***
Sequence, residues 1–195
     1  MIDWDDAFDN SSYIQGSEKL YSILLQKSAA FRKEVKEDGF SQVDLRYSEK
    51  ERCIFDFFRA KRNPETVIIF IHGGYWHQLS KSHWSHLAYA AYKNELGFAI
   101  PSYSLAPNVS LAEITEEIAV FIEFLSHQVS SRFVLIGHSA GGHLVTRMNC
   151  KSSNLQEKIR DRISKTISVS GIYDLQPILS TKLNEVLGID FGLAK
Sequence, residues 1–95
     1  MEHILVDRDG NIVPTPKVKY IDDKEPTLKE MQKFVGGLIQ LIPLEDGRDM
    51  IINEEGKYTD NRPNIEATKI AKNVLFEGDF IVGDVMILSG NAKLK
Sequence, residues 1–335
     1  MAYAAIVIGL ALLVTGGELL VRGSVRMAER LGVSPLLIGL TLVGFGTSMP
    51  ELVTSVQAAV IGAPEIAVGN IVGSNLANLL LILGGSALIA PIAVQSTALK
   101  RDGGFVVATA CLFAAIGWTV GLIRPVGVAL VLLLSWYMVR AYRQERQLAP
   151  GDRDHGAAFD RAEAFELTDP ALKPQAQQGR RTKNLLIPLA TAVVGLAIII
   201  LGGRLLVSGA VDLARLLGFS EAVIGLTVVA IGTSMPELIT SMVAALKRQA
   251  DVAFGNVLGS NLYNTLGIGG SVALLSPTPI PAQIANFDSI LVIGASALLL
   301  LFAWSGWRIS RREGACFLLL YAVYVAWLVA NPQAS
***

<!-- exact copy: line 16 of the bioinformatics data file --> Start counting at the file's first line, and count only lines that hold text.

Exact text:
   301  LFAWSGWRIS RREGACFLLL YAVYVAWLVA NPQAS